Anyway, I heard this all at lunchtime so went to talk to her, she has been working from home for ages, and is often sat with her laptop in her dressing gown.

Anyhoo, we didn't get to discuss the issue as she had got into bed and was asleep!
Bloody brave heroes these NHS workers!
 

maguire

LE
Book Reviewer
I've worked for the nhs now in IT since 2013. on the one hand I love it - usually a good working environment, I've had some great colleagues and especially this last year I've really felt like I've contributed, however slight it may have been. but the waste and inefficiency and the way it's run...I guarantee you could sack at least half of the 'managers' and 'executives' and the place would probably run better. you could certainly afford to pay nurses better with the money you'd save. I'd far rather have the nhs than the american system...but it badly needs rationalising and a major dose of common sense.
 
I've worked for the nhs now in IT since 2013. on the one hand I love it - usually a good working environment, I've had some great colleagues and especially this last year I've really felt like I've contributed, however slight it may have been. but the waste and inefficiency and the way it's run...I guarantee you could sack at least half of the 'managers' and 'executives' and the place would probably run better. you could certainly afford to pay nurses better with the money you'd save. I'd far rather have the nhs than the american system...but it badly needs rationalising and a major dose of common sense.
Nice to see that Jin Sahota, the (£230k pa) CEO of the NHS supply chain has fallen on his sword after ‘criticism’ of his handling of the COVID crisis. It seems it wasn’t actually Boris (grrr) who was supposed to be organising PPE supplies...
Jin Sahota resigns from NHS Supply Chain role
 
From about 2003 I was working in the private sector. My pay remained largely static (it actually decreased by 17p over that time, but this was from site transfers) until a site finally gave us a 1% pay rise. Which two months later was increased as the minimum wage cap increase moved it up by 2p.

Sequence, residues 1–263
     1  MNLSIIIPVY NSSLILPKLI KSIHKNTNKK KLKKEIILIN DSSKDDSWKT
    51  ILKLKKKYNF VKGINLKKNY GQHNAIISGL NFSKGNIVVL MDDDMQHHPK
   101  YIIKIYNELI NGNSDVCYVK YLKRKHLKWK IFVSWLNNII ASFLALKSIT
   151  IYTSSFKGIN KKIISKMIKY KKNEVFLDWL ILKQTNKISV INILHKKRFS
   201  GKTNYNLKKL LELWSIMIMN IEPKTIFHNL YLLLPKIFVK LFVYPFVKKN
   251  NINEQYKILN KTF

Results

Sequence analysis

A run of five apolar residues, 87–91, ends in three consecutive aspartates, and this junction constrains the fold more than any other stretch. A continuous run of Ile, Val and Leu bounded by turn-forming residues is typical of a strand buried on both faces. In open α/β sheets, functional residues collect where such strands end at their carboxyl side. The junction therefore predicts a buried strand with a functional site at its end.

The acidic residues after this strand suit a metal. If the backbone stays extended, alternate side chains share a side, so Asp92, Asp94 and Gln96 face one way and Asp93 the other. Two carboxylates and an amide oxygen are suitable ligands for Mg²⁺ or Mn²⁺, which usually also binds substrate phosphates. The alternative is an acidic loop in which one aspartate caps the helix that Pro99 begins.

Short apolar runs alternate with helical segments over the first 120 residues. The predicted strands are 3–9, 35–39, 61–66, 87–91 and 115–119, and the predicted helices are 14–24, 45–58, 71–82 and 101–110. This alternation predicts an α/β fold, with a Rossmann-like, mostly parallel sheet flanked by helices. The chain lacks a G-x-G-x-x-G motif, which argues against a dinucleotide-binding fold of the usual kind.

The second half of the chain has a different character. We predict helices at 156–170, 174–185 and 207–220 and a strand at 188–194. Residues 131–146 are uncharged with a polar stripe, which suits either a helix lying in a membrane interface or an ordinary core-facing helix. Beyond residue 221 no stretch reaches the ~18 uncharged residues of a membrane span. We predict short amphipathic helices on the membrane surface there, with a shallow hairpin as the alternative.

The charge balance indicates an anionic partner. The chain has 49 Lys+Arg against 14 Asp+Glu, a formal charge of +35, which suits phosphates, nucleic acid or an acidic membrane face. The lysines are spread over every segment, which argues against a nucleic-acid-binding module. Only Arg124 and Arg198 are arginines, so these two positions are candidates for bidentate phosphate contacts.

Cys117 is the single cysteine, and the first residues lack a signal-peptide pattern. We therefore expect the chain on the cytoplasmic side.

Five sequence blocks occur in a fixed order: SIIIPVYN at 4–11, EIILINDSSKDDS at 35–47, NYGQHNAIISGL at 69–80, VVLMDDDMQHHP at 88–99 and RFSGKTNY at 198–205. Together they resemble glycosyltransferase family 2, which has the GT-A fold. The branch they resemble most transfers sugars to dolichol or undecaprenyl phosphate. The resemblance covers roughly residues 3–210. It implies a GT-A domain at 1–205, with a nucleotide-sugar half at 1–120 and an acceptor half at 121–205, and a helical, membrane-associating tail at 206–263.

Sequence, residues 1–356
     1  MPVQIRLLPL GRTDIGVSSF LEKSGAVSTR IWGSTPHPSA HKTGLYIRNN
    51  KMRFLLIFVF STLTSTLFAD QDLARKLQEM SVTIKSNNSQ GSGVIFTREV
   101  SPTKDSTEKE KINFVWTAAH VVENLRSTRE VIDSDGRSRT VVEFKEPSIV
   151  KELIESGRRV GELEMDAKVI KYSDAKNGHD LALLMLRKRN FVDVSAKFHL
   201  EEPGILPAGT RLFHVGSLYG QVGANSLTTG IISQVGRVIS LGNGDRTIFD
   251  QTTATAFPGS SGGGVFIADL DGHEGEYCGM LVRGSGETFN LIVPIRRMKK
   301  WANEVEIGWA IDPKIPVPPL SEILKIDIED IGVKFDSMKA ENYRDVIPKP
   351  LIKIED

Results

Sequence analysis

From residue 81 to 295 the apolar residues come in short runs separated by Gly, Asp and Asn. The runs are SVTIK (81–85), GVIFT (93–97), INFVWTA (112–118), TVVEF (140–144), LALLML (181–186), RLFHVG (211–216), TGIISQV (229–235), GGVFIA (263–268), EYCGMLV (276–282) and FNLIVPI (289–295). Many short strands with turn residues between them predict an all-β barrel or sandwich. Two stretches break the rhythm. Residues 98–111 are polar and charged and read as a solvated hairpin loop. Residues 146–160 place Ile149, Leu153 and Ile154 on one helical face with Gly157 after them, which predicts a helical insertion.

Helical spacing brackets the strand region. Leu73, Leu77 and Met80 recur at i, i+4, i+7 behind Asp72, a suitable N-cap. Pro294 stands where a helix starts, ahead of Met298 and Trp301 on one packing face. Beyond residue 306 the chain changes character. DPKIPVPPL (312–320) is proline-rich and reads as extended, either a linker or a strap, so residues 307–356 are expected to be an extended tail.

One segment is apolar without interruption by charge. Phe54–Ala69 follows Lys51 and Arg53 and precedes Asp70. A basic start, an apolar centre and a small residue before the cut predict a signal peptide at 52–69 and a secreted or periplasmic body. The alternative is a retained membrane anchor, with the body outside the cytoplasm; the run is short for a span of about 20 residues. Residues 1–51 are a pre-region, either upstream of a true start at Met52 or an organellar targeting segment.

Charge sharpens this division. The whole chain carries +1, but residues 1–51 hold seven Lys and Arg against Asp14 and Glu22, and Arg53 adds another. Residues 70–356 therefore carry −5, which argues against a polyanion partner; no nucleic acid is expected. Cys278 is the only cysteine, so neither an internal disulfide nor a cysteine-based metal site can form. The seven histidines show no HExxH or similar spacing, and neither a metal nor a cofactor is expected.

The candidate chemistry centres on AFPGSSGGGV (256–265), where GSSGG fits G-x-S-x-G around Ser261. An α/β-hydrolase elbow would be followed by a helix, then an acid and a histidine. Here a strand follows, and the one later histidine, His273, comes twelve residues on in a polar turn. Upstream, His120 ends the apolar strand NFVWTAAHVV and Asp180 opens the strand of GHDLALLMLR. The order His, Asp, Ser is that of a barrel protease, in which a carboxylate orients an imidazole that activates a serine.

To me getting a year on year guaranteed pay rise doesn't sound too bad. If they dislike it so much feel free to try the private sector and see how things go.
 
It does seem unreasonable/unrealistic to expect to come through a pandemic and expect to come out the other side financially better off, (yes I know a few have done very well) , I think people, be it in the private or public sector should be grateful they still have a job/house/car .
 
Nice to see that Jin Sahota, the (£230k pa) CEO of the NHS supply chain has fallen on his sword after ‘criticism’ of his handling of the COVID crisis. It seems it wasn’t actually Boris (grrr) who was supposed to be organising PPE supplies...
Jin Sahota resigns from NHS Supply Chain role
Hmm, I stopped reading at "operationalise" - says a lot about the culture at that level...

Well, at least it was spelt the UK way. But we may have the journalist to thank for that.
 
That said, if there was a one-off 'Covid bounty' for those on 'active NHS service' (i.e. all patient facing / servicing functions) I'm sure it would be well received and supported.
It would end up being another Jubilee medal. Who gets it? Police? Ambo crews? Trumpton? Doris on the hospital reception behind her new plexiglass screen with three layers of PPE on is still (in her mind at least) “on the front line”. I’m not holding my breath for any recognition just waiting for the carnage once the pubs open and an entire years wankerdom spills out all at once.
 
Top